What is Fartlek?
by: Ian Kemp
Fartlek is a form of road running or cross country running in which the runner, usually solo, varies the pace significantly during the run. It is usually regarded as an advanced training technique, for the experienced runner who has been using interval training to develop speed and to raise the anaerobic threshold. However, the 'average' runner can also benefit from a simplified form of Fartlek training, to develop self-awareness and to introduce variety into the training program.
For the advanced runner, the aim in Fartlek can be best decribed by relating it to interval training. The purpose of interval training is to develop speed by running for short distances at a speed significantly higher than the normal strong race pace, with these short runs separated by intervals of easy running or jogging. Intervals are normally run over predetermined distances, and usually on the track.
Fartlek is similar to interval training in that short fast runs alternate with slow running or jogging recovery intervals. However, in Fartlek the running is done on the road or on parkland or bush tracks. There is no predetermined schedule to follow, but instead the athlete will set her/his own interval lengths and pace in response to their own feeling of the workload. An advantage of Fartlek is that the athlete can concentrate on feeling the pace and their physical response to it, thereby developing self awareness and pace judgement skills. Also the athlete is free to experiment with pace and endurance, and to experience changes of pace.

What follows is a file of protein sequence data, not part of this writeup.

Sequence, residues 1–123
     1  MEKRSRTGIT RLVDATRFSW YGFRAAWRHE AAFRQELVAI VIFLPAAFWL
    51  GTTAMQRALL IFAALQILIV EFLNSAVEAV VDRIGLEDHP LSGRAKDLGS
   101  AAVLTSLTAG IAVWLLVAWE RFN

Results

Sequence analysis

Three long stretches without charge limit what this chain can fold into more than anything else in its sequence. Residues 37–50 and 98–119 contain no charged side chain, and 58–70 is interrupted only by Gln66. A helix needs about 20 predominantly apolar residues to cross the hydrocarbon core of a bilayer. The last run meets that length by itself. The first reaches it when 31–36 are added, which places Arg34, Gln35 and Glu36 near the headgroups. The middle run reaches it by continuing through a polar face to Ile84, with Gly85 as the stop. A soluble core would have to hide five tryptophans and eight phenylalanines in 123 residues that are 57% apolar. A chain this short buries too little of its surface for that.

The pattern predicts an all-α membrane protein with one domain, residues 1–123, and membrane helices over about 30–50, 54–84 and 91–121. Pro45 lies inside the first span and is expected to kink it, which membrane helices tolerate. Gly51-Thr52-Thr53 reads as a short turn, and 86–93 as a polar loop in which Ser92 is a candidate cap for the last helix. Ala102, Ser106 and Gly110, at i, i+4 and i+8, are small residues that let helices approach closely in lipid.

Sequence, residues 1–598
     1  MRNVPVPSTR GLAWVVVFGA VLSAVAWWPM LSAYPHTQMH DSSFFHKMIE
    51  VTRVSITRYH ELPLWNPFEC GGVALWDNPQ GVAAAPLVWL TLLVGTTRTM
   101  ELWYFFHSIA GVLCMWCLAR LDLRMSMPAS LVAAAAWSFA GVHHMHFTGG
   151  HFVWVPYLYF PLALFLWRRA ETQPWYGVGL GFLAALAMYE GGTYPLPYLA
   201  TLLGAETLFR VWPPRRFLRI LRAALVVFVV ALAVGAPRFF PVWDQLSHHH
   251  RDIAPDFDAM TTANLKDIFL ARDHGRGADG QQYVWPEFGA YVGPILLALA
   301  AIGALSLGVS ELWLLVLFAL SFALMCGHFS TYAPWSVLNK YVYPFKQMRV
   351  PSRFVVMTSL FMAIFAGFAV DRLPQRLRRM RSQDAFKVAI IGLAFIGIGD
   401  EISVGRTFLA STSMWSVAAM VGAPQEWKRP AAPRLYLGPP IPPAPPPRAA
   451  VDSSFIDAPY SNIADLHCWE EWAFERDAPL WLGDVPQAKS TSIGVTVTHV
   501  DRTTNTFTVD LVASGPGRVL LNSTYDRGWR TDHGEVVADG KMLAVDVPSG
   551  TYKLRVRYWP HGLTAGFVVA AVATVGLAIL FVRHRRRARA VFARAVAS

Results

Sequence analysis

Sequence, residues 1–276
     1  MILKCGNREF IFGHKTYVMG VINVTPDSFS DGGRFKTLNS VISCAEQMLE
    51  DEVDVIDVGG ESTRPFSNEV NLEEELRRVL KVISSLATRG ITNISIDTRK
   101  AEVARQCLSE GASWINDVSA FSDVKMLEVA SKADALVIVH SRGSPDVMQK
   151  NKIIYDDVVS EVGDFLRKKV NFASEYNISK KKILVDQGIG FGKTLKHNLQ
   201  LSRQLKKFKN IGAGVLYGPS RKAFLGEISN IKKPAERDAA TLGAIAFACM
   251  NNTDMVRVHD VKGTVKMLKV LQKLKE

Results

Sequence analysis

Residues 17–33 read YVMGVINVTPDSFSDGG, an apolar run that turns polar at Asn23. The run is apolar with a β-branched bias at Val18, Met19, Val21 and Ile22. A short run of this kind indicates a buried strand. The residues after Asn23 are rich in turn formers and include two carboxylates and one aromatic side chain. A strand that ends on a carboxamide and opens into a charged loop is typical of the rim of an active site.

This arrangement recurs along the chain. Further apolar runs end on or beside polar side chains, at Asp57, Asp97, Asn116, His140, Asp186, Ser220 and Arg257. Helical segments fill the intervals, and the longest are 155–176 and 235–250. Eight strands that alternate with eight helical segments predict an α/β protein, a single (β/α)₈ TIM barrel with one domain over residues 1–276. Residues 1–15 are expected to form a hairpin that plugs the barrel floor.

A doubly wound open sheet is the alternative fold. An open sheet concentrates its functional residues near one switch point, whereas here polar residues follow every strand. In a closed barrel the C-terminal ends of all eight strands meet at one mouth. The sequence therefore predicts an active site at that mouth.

It is primarily a technique for advanced runners because it requires 'honesty' to put in a demanding workload, and also 'maturity' to not overdo the pace or length of the intervals. With these qualities, Fartlek makes for an excellent component of a distance runners training programme.
A 'mild' form of Fartlek can also be of benefit for the 'average runner'. Here I am thinking of the road runner who normally trains over a variety of distance, at a fairly constant pace, and who may have done no or little specific speed training.
The technique here is to introduce into your normal runs some short periods of slightly higher pace. Maintain these for a short period, say 200-400m (aim for a bend in the road, power pole or some other landmark up ahead). Then drop your pace back below your normal running pace, or slow to a jog, until you have fully recovered and your breathing has returned to normal. Then return to running at your normal pace, and put in another slightly fast interval later in the run. In this way you are putting a slight extra stress on your system which will, in time, lead to an improvement in your speed and in your anaerobic threshold.
You can use this approach to develop more self-awareness, by concentrating on what you are feeling while running at the different paces. How fast a pace can you attain before your regular, easy breathing begins to be laboured? After slowing down, how long before your breathing & other responses return to normal? What happens to your stride length as you increase speed?
Give it a try next time you run, and if you enjoy it, then you have discovered the true meaning of Fartlek, without resorting to a dictionary..!
Ian Kemp, Cool Running Australia, 22.06.97